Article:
The billboard on I-5 urged me to sign up today for Fantasy Football, but I had other things on my mind. I had listened with half an ear to a podcast discussion of moral equivalency; I had just left a voice mail with a colleague looking for an update on Cape May’s biosolids master plan; and I was headed home to pen an alert for the MABA website on the YouTube movie “biosludged.” The billboard triggered an “ah hah!” moment! Is there really such a difference between fantasy gaming and biosolids master planning? I mean, what’s more exciting – winning a pretend football game, or cracking the code to provide clean water and restore soils for a resource-starved world? I say we dive into the world of fantasy to build support for our biosolids programs.
Fantasy Football – What is this all about?
I don’t pretend to either understand or wish to understand Fantasy Football. First, I take to high moral ground that football itself is unconscionably destructive (i.e.,chronic traumatic brain injury), so nothing derived from it should be encouraged; but mostly I just don’t understand the game of football. Second, how could a “fantasy” version do anything useful for its players, after all you don’t even need to get off your lazy butt to play it?
Yet, incredibly, Forbes Magazine says this is a $70 billion market, and the Fantasy Sports Trade Association estimates that 32 million Americans play and spend hundreds of dollars each doing so. It seems that we are only a couple weeks out from the official kickoff for Fantasy Football offered by ESPN, Fox, Yahoo, the NFL itself and many others; that it’s time to join a league; that you can sign up for advanced research services; and that you can get expert advice and analysis.
Fantasize with me for a moment. What could we, in the wastewater profession, do with $70 billion annually for clean water and great biosolids products? A whole lot!
If we as a society can afford Fantasy Football, we sure as shootin’ ought to be able afford great water resource recovery.
Fantasy Facts and “Biosludged”
I have been paying a lot of attention to fantasy recently, and I suspect I am not alone. Kurt Andersen, radio host and author, wrote Fantasyland: How America Went Haywire—A 500-Year History, from which he drew a recent Atlantic Monthly article How America Lost its Mind. He says: “Treating real life as fantasy and vice versa, and taking preposterous ideas seriously, is not unique to Americans. But we are the global crucible and epicenter…. It will require a struggle to make America reality-based again.”
Michael Adams, " outspoken consumer health advocate and award-winning investigative journals,” totally agrees with Anderson that Americans have lost the capacity to independently distinguish truth from falsity. But here’s the ironic twist. For Adams, the "Health Ranger and author of Natural News, the root cause is the “globalists” who control our access to information, in which climate change and vaccines, for instance, are “false narratives” contrived by government.
One such issue Adams is prepared to set straight is offered in the video BIOSLUDGED trailer - new film from the Health Ranger / Natural News. We learn from Adams that land spreading of biosolids “…is the greatest environmental crime in America. City leaders get financed kickbacks from the biosludge industry. …we have created really a devastating vector for bioterrorism,” leaving “truly a toxic legacy, for generations to come….” Adams learns from fired EPA scientist David Lewis, author of Science for Sale, that sludge is the “universe of pollution in one product.”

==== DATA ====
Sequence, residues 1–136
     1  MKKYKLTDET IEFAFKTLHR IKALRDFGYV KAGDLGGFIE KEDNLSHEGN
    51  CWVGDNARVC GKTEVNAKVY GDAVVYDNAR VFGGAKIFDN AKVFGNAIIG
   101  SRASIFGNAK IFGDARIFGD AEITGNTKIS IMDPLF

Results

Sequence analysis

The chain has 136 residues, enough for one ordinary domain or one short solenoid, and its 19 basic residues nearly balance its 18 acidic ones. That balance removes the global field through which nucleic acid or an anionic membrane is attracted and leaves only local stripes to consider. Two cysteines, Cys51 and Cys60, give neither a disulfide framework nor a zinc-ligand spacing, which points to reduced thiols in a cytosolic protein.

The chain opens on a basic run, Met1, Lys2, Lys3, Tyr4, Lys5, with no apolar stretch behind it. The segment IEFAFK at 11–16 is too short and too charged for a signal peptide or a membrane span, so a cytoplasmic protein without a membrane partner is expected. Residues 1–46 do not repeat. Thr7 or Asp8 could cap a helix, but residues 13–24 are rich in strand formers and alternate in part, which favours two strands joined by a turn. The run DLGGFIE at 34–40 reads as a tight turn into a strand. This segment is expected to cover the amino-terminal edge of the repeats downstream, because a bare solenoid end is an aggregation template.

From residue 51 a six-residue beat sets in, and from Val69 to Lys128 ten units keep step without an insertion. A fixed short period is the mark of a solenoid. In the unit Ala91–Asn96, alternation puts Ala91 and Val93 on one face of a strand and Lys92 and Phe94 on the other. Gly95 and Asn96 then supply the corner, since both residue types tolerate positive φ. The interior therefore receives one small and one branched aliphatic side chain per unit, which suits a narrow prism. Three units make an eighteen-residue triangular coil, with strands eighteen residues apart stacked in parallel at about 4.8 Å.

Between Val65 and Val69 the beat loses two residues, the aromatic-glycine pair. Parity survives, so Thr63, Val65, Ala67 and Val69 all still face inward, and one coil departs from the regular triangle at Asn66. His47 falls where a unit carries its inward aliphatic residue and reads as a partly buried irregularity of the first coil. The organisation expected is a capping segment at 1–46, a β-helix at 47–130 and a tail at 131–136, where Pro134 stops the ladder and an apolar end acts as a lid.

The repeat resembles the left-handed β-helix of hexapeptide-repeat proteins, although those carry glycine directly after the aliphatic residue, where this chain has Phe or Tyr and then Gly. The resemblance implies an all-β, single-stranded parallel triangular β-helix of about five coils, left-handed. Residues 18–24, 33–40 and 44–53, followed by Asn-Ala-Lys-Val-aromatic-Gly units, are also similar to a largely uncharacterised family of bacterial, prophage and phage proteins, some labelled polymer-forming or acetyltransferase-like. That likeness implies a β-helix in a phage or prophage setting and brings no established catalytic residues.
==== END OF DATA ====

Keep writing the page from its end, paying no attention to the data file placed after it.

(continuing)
The influence of people like Adams underscores how difficult it is for people to distinguish fantasy from non-fantasy, and real news from fake news, and suggests there is a powerful allure in our culture to fantasy and fake.
Planning Fantasy Cities
Additional evidence of the power of fantasy is in the report that 155 million Americans play computer games, 42% of the population. The average online gamer spends 6.5 hours a week with others online, constituting a major aspect to social interaction in the U.S. Is this a good thing? Yes, if you agree with the TED Talk by Jane McGonigle, Gaming Can Make a Better World, viewed by 4.5 million people.
I am among the slim majority of Americans who are NOT gamers. But reading about Fantasy Football reminded me of my early fascination with SimCity. In fact, this is the only game I ever tried to play. It was released in 1989 and is a staple in a genre of RTS, real-time strategy, games, of which it is in a subset termed God Games, and is a further sub-subset example of City Building GamesIt is not among the dominating and popular MMO games, meaning “massively multiplayer online,” apparently because building a city is a lonely job. SimCity has had nearly two decades to evolve. It offers a dozen game offerings, and its most popular version, Sim City 4 , promises “you don’t just build your city; you breathe life into it.”
Where are the Fantasy Sewers?
But, get this, in SimCity you can’t build sewers and WRRF. You breathe life into your city, but, incredibly enough, with no need for sewers. Neither do you need to use nearby farms for biosolids application nor learn to handle solids in a way that avoids odors! Hard to believe, right?!
Are sewers so hidden from public view and are our treatment facilities so remote that developers of city building games have missed this major component of city-building infrastructure?
Apparently, the answer is yes. I believe this gaping hole in SimCity is symptomatic of a gaping hole in the public’s capacity to image and understand the role of wastewater treatment and resource recovery in their lives. And I believe this is a problem for us. If there were sewer and biosolids subprograms in SimCity and other city building games, then at least the gamers, today and in the future, might come to appreciate the importance of the work we do.
Our Biosolids Fantasy Games